- The Washington Times - Wednesday, February 11, 2009

President Obama on Wednesday morning called on Congress to quickly approve final passage of the stimulus plan during a visit to a construction site in Northern Virginia, as congressional negotiators prepared to finalize an agreement on a $789 billion deal later in the day.

“We’ve got to get a final version to my desk so I can sign it and so the people here in northern Virginia can use it,” Mr. Obama said.

Senate and House negotiators were working to hammer out a compromise between the $838 billion Senate version of the stimulus and the $821 billion House version. The Senate version has more tax breaks than the House version, which is heavier on direct government spending.

Congressional leaders and the White House struck a tentative agreement late Tuesday to keep the price of the economic stimulus bill at about $789 billion, a figure that should preserve a few key Senate Republican votes needed for final passage of the package.

The closed-door talks were set to resume Wednesday afternoon, with the White House pushing to return about $16 billion for school construction projects cut from the Senate-passed bill.

“We’re at the doorstep of getting this plan through Congress, but the work is not over,” said Mr. Obama, adding that the next challenge will be to successfully and responsibly administer the huge amounts of federal dollars.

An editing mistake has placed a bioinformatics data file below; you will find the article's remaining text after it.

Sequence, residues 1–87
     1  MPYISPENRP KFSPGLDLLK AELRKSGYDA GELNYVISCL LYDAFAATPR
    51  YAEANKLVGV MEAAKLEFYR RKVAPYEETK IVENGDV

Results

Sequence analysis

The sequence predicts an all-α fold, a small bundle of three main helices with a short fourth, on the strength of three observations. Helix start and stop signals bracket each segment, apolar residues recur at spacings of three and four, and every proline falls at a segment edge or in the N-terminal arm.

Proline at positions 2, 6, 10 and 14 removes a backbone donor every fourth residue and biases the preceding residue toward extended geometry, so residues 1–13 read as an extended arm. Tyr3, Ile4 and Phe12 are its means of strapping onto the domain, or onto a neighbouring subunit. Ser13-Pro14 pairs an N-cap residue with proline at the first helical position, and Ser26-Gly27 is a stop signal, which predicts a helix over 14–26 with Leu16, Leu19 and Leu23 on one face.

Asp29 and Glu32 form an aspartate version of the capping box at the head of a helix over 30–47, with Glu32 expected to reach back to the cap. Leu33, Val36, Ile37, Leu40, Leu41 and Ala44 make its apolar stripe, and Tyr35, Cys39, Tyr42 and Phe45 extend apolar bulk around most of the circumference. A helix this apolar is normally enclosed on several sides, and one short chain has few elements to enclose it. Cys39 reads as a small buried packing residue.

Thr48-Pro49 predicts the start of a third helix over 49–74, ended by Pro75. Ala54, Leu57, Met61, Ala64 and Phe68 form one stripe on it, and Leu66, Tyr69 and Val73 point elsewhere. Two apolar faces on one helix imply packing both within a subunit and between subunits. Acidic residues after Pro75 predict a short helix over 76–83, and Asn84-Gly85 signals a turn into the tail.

The president said he understands “there’s a certain amount of skepticism, much of it justified” about the government’s ability to efficiently distribute so much money.

But he said he is “confident that we can do things differently and better,” highlighting the review board being set up to oversee expenditures and the new Web site, recovery.gov, that will be used to track each appropriation.

Mr. Obama and Virginia Gov. Tim Kaine, also the chairman of the Democratic National Committee, toured ongoing construction of a new major road, the Fairfax County Parkway, during a day meant to highlight the transportation impact of the stimulus.

“The president’s stimulus package […] will give Virginia the kinds of money we could use to complete the parkway,” Mr. Kaine said.

After day trips to towns in Indiana and Florida that have been hard hit by the economic crisis, Mr. Obama said his short trip was meant to show in part that “you don’t need to travel very far…to see why enacting that plan is both urgent and essential to our recovery, and to see that the time for talk is past.”

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